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  1. #1

    454 magnum vs 7.4 litre Mercruiser

    Searching the internet, I find that 454 Magnum block and heads are different than the 7.4 litre.
    I currently have a tired 1988 7.4 litre and my mechanic says the best way to freshen the engine is to buy a 7.4 litre long block and replace it with the present engine. Which is in a '88 Formula F223 LS.

    I ask him if I can replace the current engine with a 454 magnum block. He is not sure. The only difference he sees is the oil cooler is on a 454 magnum and not the 7.4 litre.

    Does anyone know what else is different between a 454 ans a 7.4 litre?

  2. #2
    This question doesn't have an exact answer, because it varies with year model. The TRUE 454 magnum was rated at either 360 or 365 horsepower at the flywheel while the 7.4 was rated at 330. There IS IN FACT more horsepower difference between these two engines than the horsepower rating suggests, BUT that's a different issue. In the late 80's, Merc packaged some 330's in certain boats with the "Magnum" designation. Some of the SeaRay Pachangas of the late 80's said magnum on the cover over the flame arrester, but were just the 330.

    The true Magnum had the rectangular port heads and alum intake very similar to the 427/425 & 396/375 intake that Chevy used on so many of their muscle cars in the late 60's. The marine version had the bronze inserts in the water jackets, and some had a dual pattern on top allowing EITHER a Quadrajet or Holley to be used. The real magnum also had a different camshaft as well as other components. I've been told that the magnums had 4 bolt mains and the 330's had 2 bolt, but have seen what I believe was an original 330 that had the 4 bolt mains also, so I'm unsure of that.

    You can in fact replace the 330 long block with a magnum with most all components interchanging, however you would need to buy the magnum intake also, assuming the long block includes the cyl heads. I would think you could find and original Mercruiser alum. high perf intake used for not much money because they were also used on other engines, such as the 502, and a lot of people used aftermarket intakes with em.

    The confusion is going to be in getting the real magnum stuff and NOT the 87/88 330's that were labeled magnum. I believe the 330 in my '89 Pachanga may have been labeled magnum also, but 3 engines later I can't remember for sure and don't know if I still have the cover.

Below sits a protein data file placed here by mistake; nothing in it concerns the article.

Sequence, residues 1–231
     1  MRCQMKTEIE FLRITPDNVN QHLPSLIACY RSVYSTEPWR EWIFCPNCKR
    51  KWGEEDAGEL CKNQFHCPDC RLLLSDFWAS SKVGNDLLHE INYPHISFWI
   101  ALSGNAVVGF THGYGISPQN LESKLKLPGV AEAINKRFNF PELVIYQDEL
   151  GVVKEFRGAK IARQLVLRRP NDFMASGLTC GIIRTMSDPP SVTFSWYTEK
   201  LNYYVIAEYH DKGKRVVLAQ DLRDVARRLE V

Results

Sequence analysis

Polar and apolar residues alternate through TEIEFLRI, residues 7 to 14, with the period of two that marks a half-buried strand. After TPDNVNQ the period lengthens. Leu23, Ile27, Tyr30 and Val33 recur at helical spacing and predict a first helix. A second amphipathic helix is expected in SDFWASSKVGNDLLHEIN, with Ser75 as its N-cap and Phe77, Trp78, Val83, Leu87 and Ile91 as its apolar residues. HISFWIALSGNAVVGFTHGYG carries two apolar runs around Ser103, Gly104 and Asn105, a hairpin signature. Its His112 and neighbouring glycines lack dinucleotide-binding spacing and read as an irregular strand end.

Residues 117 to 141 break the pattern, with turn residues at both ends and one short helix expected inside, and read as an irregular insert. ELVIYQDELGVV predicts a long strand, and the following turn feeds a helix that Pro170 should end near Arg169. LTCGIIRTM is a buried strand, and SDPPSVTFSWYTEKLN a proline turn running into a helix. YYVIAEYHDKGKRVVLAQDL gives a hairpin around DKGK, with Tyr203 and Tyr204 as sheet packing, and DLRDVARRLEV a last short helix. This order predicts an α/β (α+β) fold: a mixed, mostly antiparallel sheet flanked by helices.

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  3. #3
    Join Date
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    If your'e going with a longblock, the easiest way to go will be to look a the current engine. If it's an oval port, replace it with an oval port, if it'a a rectangular port, replace it with a rectangular port. All the block configurations for that year range is the same (as far as accessory bolt-ups). If you want more power and you have an oval port motor, you can get the rectangular port motor and buy a matching intake, re-jet the carb and your'e good to go.
    "One of the penalties for refusing to participate in politics is that you end up being governed by your inferiors". Plato .

  4. #4
    Quote Originally Posted by flabum1017 View Post
    If your'e going with a longblock, the easiest way to go will be to look a the current engine. If it's an oval port, replace it with an oval port, if it'a a rectangular port, replace it with a rectangular port..................
    I thought the question was "can I replace the current block with a magnum?".



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  5. #5
    Join Date
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    Quote Originally Posted by flabum1017 View Post
    If you want more power and you have an oval port motor, you can get the rectangular port motor and buy a matching intake, re-jet the carb and your'e good to go.

    The second part answers his question
    "One of the penalties for refusing to participate in politics is that you end up being governed by your inferiors". Plato .

  6. #6

    Angry Touching all bases.

    Quote Originally Posted by flabum1017 View Post
    If you want more power and you have an oval port motor, you can get the rectangular port motor and buy a matching intake, re-jet the carb and your'e good to go.
    So I don't need the Magnum oil cooler and Magnum camshaft?

  7. #7
    The long block would include the camshaft and the stock oil cooler is adequate. Reason I say that is that I upgraded my 330 to a stock 502/440, then to a 502 with twin turbos, and then to an HP 575 (540 cu inches) all with the oil cooler from the 330.



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  8. #8
    Join Date
    Jan 2007
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    In meinem geheimen unterirdischen Versteck, USSA